The key difference between chrysophytes and euglenoids is that chrysophytes are a group of Protista that involves diatoms and desmids, while euglenoids are a group of Protista that involves single-celled algae which do not possess a cellulosic cell wall.
Kingdom Protista includes unicellular eukaryotic organisms. Most of the protists are photosynthetic. They show both plant-like and animal-like features. Many species are aquatic organisms, and they are the main producers of aquatic environments. They have cilia or flagella. Slime moulds, protozoa, euglenoids, dinoflagellates and chrysophytes are the major five sub-groups of kingdom Protista. Chrysophytes include diatoms and golden algae. They produce a unique carbohydrate called chrysolaminarin. Euglenoids include mostly freshwater algae. They lack a cellulosic cell wall, but they possess a pellicle and eyespot.
1. Overview and Key Difference
2. What are Chrysophytes
3. What are Euglenoids
4. Similarities Between Chrysophytes and Euglenoids
5. Side by Side Comparison – Chrysophytes vs Euglenoids in Tabular Form
What are Chrysophytes?
Chrysophytes is a major group belonging to the kingdom Protista. It includes diatoms and desmids. Desmids are also known as golden algae. Chrysophytes are classified into approximately one hundred genera with over 1000 described chrysophytes species. They are mostly photosynthetic organisms found in both fresh water and marine water.
Diatoms are the chief producers in aquatic environments. They have unique double shells made of silica. Hence, they appear as small boxes with lids. Some examples of diatoms are Cymbella, Navicula and Melosira. They are unicellular eukaryotic organisms. They are microscopic and float passively in water currents. Chrysophytes produce a unique carbohydrate called chrysolaminarin. They have cell walls made of cellulose strengthened by silica compounds. But, amoeboid forms chrysophytes do not have a cell wall.
What are Euglenoids?
Euglenoids are single-cell flagellated organisms of kingdom Protista. They are a large group of algae. There are about 54 genera and 900 species in this group. They live in freshwater, stagnant water and also in marine water. But they are commonly found in freshwater, which is rich in organic materials. Euglena and Phacus are two representative genera of euglenoids. Most euglenoids are unicellular except the colonial genus Colacium. Many euglenoids are spindle-shaped. Many of them have chloroplasts, so they are photosynthetic. Others feed by phagocytosis or by diffusion.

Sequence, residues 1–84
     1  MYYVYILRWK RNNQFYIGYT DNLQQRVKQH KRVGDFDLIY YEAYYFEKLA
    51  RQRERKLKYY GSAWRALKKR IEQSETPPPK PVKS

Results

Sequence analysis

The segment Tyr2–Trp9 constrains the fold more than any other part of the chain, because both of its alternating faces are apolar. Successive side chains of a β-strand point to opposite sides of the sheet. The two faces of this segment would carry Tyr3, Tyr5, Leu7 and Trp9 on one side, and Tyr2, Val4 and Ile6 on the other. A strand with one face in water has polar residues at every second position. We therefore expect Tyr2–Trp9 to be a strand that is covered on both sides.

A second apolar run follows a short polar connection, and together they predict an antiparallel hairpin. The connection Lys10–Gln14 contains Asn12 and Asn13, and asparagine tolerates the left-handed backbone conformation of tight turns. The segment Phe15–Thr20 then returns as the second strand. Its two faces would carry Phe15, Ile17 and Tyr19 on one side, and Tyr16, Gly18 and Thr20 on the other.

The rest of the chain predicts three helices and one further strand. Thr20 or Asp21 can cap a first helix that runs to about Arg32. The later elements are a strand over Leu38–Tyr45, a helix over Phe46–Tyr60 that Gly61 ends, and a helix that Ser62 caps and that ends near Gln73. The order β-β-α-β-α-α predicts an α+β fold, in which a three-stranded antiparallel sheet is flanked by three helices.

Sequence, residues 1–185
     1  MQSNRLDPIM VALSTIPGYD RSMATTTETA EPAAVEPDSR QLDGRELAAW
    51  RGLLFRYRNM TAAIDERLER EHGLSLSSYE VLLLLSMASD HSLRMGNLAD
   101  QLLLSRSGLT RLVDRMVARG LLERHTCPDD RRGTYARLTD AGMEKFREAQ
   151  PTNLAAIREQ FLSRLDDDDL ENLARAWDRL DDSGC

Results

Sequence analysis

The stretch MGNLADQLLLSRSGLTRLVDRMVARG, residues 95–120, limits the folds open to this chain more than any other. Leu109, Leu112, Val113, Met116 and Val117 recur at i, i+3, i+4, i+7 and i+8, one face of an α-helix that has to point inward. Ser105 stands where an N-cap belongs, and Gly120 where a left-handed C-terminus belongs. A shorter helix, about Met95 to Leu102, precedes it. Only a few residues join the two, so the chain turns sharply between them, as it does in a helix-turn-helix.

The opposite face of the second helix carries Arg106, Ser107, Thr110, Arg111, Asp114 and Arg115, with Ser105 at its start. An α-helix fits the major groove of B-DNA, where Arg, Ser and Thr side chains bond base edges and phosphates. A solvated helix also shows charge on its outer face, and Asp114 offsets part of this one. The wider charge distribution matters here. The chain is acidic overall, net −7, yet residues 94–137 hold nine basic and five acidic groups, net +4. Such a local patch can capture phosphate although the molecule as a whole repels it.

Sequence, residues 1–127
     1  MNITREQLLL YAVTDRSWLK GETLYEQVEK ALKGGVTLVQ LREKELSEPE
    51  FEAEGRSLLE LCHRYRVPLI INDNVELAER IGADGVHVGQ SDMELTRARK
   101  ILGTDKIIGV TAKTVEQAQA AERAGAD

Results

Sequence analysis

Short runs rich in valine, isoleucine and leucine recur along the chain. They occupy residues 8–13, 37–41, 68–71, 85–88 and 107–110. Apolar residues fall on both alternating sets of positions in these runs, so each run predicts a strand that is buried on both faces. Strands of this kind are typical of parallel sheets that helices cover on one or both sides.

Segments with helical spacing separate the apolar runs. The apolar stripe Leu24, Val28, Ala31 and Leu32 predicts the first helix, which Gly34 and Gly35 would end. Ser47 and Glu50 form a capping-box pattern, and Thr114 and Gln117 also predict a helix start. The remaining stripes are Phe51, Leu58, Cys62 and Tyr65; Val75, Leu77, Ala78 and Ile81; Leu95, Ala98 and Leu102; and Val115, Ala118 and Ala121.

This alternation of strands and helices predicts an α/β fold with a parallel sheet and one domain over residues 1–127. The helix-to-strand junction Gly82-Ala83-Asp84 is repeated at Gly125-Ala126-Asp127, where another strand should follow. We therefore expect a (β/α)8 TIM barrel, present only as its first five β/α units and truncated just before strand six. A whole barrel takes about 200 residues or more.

Furthermore, they have two flagella; one is long and functional while the other is short and does not protrude. Euglenoids do not have a cell wall. They have a protein-rich cell covering called pellicle, which provides flexibility to euglenoids. Moreover, euglenoids have an eyespot that acts as a light-sensing device. They also have a contractile vacuole. It helps euglenoids to pump out excess water from their bodies. Furthermore, some euglenoids are capable of producing resting spores which are useful under unfavourable environmental conditions.
What are the Similarities Between Chrysophytes and Euglenoids?
- Chrysophytes and euglenoids are two of the five subgroups of kingdom Protista.
- They are unicellular eukaryotic organisms.
- Both are aquatic organisms.
- They are mostly photosynthetic; hence they appear as plant-like protists.
- They are flagellates.
- Both are algae.
What is the Difference Between Chrysophytes and Euglenoids?
Chrysophytes are plant-like protists found in marine and freshwater environments, while euglenoids are a subgroup of Protista that includes single-celled algae with a pellicle and eyespot. So, this is the key difference between chrysophytes and euglenoids. Moreover, chrysophytes have cell walls made of cellulose, strengthened by silica compounds, while euglenoids do not have a cellulosic cell wall. Also, chrysophytes have pigments such as chlorophylls a and c, fucoxanthin and xanthophylls, while euglenoids have chlorophylls a and b, and carotenoids.
The below infographic lists the main differences between chrysophytes and euglenoids in tabular form.
Summary – Chrysophytes vs Euglenoids
Chrysophytes and euglenoids are two groups of Protista. They are unicellular, aquatic and mostly photosynthetic eukaryotic organisms. Chrysophytes are plant-like, while euglenoids show both plant-like and animal-like features. Chrysophytes are two types as diatoms and desmids. Chrysophytes have a cell wall, while euglenoids do not have a cell wall composed of cellulose. Euglenoids have an eyespot and pellicle, unlike chrysophytes. Thus, this summarizes the difference between chrysophytes and euglenoids.